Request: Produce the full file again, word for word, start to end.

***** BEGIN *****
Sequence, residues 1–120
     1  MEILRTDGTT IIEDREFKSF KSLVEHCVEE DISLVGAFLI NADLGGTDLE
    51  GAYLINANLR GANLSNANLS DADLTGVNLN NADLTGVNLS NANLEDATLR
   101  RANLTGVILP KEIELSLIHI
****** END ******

Sequence, residues 1–120
     1  MEILRTDGTT IIEDREFKSF KSLVEHCVEE DISLVGAFLI NADLGGTDLE
    51  GAYLINANLR GANLSNANLS DADLTGVNLN NADLTGVNLS NANLEDATLR
   101  RANLTGVILP KEIELSLIHI